So passed the weekend, then: in a state of easy bliss. So seldom are all my needs and preferences met in any situation besides my own kitchen and own table (blooming still with an orchid left over from Thaiphoon, flowers from a two-weekends'-past going-away party, and the white and orange roses I received last night for a certain commercial holiday that is delicious to play into, when one actually has a Valentine!). And here in New York: so much orange; so much creative, animal-free food; so much affection. Even the transition back into this town (for which I now can't muster the self-righteous vitriol I usually can, being that I'm leaving in eight days), on a plane in forty minutes, was mitigated by the culinarily invigorating pageant I concocted out of many small cake tins and a few strawberries last night. I fell asleep listening to Calvino.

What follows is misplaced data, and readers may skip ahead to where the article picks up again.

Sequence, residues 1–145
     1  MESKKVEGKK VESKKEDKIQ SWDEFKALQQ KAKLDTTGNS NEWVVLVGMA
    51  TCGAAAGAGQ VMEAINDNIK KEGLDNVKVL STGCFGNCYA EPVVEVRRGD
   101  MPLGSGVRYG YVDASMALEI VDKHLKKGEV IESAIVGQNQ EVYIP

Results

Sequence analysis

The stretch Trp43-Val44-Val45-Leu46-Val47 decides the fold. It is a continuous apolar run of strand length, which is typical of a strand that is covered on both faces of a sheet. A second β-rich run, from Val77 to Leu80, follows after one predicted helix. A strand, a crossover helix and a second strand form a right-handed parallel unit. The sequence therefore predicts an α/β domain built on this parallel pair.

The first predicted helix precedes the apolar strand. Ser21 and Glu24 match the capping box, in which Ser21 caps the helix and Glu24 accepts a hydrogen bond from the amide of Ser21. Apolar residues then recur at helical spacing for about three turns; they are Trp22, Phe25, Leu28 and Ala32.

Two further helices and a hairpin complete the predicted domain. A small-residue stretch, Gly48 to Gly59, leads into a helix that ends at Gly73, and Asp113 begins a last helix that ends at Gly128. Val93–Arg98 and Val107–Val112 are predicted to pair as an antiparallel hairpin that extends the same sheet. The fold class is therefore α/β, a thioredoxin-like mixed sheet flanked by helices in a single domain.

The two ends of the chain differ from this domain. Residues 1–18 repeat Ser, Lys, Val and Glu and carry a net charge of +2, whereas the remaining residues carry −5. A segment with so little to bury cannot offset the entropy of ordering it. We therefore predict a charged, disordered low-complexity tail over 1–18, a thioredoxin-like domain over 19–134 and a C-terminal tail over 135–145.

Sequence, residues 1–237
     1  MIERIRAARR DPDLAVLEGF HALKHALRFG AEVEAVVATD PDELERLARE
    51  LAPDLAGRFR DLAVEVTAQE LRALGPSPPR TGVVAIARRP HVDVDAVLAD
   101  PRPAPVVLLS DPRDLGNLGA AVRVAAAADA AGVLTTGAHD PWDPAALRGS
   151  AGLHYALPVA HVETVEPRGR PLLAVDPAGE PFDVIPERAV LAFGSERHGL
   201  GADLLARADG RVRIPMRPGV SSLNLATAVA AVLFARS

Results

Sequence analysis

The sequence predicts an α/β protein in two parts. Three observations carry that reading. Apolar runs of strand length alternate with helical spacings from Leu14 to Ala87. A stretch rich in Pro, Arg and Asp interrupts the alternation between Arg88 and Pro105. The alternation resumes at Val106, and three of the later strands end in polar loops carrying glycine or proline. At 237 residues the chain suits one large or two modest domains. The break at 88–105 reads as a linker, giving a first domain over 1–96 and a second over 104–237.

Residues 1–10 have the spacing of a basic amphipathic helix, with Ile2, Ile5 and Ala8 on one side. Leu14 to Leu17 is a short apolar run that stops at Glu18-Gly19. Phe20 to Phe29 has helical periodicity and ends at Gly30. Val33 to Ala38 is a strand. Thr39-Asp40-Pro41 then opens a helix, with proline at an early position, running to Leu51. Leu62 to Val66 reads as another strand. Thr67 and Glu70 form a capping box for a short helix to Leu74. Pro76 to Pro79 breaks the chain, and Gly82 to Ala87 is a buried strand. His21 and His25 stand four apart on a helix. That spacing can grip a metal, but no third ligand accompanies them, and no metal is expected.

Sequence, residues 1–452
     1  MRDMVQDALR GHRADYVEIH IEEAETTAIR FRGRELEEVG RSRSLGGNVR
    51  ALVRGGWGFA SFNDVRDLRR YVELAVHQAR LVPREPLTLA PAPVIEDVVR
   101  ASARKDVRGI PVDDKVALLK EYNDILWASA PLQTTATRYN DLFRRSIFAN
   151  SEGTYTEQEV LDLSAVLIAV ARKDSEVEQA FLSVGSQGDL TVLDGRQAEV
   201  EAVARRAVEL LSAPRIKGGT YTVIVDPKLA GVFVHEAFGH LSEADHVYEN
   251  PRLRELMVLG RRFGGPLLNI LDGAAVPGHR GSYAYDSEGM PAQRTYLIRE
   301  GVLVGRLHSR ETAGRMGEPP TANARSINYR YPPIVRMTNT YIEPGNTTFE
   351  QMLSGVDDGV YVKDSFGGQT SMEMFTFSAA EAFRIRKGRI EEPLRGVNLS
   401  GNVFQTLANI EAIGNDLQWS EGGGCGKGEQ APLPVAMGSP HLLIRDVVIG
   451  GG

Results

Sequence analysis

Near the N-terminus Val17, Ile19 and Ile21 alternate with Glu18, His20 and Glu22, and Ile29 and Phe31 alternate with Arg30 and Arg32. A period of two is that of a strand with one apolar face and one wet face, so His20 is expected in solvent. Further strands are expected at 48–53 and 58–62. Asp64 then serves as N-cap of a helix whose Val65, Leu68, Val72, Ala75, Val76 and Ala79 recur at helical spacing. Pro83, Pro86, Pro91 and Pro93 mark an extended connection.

Just for now, things are right were I want them. (Ironic, and ineluctable, that I'm leaving ...)

Wed Feb 23 20:23:02 EST 2005

Somewhere above West Virginia, according to the map, miles above all visible lights. My first time flying with a laptop ("do you have a computer?" asked the security guy. "Oh! Yes, I do!" I responded, as if getting carded on my 21st birthday). My first time flying to move, more to the point -- before, in the grand scheme of the few places I've left (Madison for college; the Philadelphia area for DC; Vienna almost doesn't count), I've always driven. Mom's magic station wagon, my orange behemoth, and Allison's doomed car to and from college; a U-Haul was easy enough for the short jaunt down the eastern seaboard for my transition to Washington. Vienna I never really moved into, having only two suitcases and my viola total -- more than I like to fly with (to say nothing of taking trains through all of Austria and into Munich!), but imperative for the four months I spent there.